حافظه هیجانی می تواند با سرکوب کورتیزول در طول بازیابی پیوسته ضعیف شود
|کد مقاله||سال انتشار||مقاله انگلیسی||ترجمه فارسی||تعداد کلمات|
|34464||2015||6 صفحه PDF||سفارش دهید||3990 کلمه|
Publisher : Elsevier - Science Direct (الزویر - ساینس دایرکت)
Journal : Neurobiology of Learning and Memory, Volume 119, March 2015, Pages 102–107
Cortisol’s effects on memory follow an inverted U-shaped function such that memory retrieval is impaired with very low concentrations, presumably due to insufficient activation of high-affine mineralocorticoid receptors (MR), or with very high concentrations, due to predominant low-affine glucocorticoid receptor (GR) activation. Through corresponding changes in re-encoding, the retrieval effect of cortisol might translate into a persistent change of the retrieved memory. We tested whether partial suppression of morning cortisol synthesis by metyrapone, leading to intermediate, circadian nadir-like levels with presumed predominant MR activation, improves retrieval, particularly of emotional memory, and persistently changes the memory. In a randomized, placebo-controlled, double-blind, within-subject cross-over design, 18 men were orally administered metyrapone (1 g) vs. placebo at 4:00 AM to suppress the morning cortisol rise. Retrieval of emotional and neutral texts and pictures (learned 3 days earlier) was assessed 4 h after substance administration and a second time one week later. Metyrapone suppressed endogenous cortisol release to circadian nadir-equivalent levels at the time of retrieval testing. Contrary to our expectations, metyrapone significantly impaired free recall of emotional texts (p < .05), whereas retrieval of neutral texts or pictures remained unaffected. One week later, participants still showed lower memory for emotional texts in the metyrapone than placebo condition (p < .05). Our finding that suppressing morning cortisol to nadir-like concentrations not only impairs acute retrieval, but also persistently weakens emotional memories corroborates the concept that retrieval effects of cortisol produce persistent memory changes, possibly by affecting re-encoding.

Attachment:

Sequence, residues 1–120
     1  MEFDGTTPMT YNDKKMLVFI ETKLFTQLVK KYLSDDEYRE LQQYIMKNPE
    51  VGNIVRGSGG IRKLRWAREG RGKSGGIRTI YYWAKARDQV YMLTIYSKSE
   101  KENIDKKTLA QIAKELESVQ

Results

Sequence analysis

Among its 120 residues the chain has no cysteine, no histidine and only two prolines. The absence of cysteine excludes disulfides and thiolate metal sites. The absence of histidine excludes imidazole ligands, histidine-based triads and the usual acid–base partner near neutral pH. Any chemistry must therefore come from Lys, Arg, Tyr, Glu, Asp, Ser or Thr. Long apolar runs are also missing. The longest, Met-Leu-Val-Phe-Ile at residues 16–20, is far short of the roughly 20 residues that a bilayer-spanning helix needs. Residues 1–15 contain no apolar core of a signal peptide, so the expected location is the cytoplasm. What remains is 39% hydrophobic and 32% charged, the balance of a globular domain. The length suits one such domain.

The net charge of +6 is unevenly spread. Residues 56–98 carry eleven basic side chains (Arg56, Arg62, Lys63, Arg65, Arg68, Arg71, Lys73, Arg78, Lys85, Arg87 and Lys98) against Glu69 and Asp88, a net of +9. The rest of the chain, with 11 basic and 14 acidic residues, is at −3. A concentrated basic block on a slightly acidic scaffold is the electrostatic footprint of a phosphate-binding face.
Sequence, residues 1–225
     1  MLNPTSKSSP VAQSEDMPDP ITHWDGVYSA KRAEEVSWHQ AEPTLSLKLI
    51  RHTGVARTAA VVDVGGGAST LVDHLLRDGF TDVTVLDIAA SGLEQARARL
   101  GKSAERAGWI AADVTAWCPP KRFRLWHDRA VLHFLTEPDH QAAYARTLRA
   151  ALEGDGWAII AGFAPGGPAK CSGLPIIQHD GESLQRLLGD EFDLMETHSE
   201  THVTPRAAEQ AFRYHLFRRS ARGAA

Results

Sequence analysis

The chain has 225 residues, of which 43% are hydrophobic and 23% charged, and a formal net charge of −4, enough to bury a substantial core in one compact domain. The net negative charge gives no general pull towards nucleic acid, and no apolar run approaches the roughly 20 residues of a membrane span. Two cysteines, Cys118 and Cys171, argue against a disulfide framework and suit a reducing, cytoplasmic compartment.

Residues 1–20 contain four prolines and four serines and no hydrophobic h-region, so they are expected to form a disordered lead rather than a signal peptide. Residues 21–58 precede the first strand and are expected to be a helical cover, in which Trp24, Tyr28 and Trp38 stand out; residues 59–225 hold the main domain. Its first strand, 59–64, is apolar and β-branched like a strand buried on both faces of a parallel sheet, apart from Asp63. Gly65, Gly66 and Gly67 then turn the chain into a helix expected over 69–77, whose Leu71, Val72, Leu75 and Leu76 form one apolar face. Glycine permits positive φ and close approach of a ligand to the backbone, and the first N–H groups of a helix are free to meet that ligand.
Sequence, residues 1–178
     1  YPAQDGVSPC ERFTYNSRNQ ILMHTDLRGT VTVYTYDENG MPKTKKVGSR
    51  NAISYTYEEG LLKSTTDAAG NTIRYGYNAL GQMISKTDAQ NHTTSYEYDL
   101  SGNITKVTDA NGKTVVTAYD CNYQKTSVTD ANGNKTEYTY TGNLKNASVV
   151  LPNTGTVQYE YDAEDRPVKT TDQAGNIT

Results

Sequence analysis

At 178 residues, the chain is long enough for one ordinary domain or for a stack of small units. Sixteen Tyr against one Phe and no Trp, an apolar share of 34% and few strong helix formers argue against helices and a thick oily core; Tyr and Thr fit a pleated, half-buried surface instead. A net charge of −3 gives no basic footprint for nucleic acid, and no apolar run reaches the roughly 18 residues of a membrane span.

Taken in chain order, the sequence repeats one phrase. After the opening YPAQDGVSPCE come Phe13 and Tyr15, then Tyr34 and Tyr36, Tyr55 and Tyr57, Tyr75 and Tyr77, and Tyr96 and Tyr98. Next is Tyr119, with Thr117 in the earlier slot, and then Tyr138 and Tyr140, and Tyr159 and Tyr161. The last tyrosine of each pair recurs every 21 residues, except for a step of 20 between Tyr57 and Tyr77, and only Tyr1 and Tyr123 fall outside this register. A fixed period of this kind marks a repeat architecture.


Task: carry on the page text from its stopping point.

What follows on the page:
Cortisol is a potent modulator of memory, which differentially affects processes of encoding, consolidation, and retrieval (de Quervain et al., 2009, Kelemen et al., 2014 and Schwabe et al., 2011). Generally, it enhances encoding of information, but impairs memory retrieval, especially of negative material. Of note, memory retrieval is not only impaired at strongly elevated cortisol levels (de Quervain et al., 1998, de Quervain et al., 2000, Domes et al., 2005 and Kuhlmann et al., 2005), but also at minimum levels after suppression of cortisol synthesis by metyrapone (Marin et al., 2011 and Rimmele et al., 2010), suggesting an inverted U-shaped function that describes the relationship between memory retrieval and cortisol concentrations (Schilling, Kolsch, Larra, Zech, Blumenthal, Frings, & Schachinger, 2013). The inverted U-shaped response function has been linked to an imbalance in mineralocorticoid receptor (MR) and glucocorticoid receptor (GR) activation with both enhanced GR activation at high cortisol levels and reduced MR activation at very low cortisol levels mediating impairing effects on retrieval. In line with this notion, administration of metyrapone at a dose of 3 g almost completely suppressed endogenous cortisol release, and this was accompanied by a significantly impaired free recall of texts and pictures, in particular when emotional (Rimmele et al., 2010). Thus, optimal memory retrieval is expected when MRs are occupied to a great extent, but not GRs, i.e. conditions presumably achieved during the circadian nadir of cortisol release (de Kloet et al., 1999 and Lupien et al., 2007). Besides an acutely impairing effect on retrieval, there is first evidence that the impairing effect of metyrapone on memory retrieval persists beyond the acute period of cortisol suppression and is still present at a second retrieval test 4 days later (Marin et al., 2011). That study showed a persisting decrease of emotional, but not neutral memories for pictures with 1.5 g of metyrapone, but not with 0.75 g of metyrapone given before the first retrieval of the test materials. Salivary cortisol measures indicated that a significant suppression of cortisol was achieved only after the 1.5 g dosis. Here, we tested the effect of metyrapone-induced cortisol inhibition during the morning hours on acute retrieval and the persistence of this effect over an even longer 1-week interval. Adopting the framework of an MR/GR activation balance that determines the direction of glucocorticoid effects, we chose a dose of 1 g metyrapone. Based on pilot studies and our previous work (Rimmele et al., 2010), this dose was expected to only partially block cortisol release and to induce cortisol levels comparable with those during the circadian nadir of pituitary-adrenal activity where MRs are estimated to be occupied by 50–70%, in the absence of substantial GR occupation (Reul and de Kloet, 1985, Spencer et al., 1993 and Kalman and Spencer, 2002). We expected that such predominance of MR over GR occupation would acutely enhance memory retrieval. Assuming that the effect on retrieval goes along with a parallel effect on re-encoding, we further expected that the acute enhancement in retrieval after metyrapone would persist during a second retrieval test 1 week later.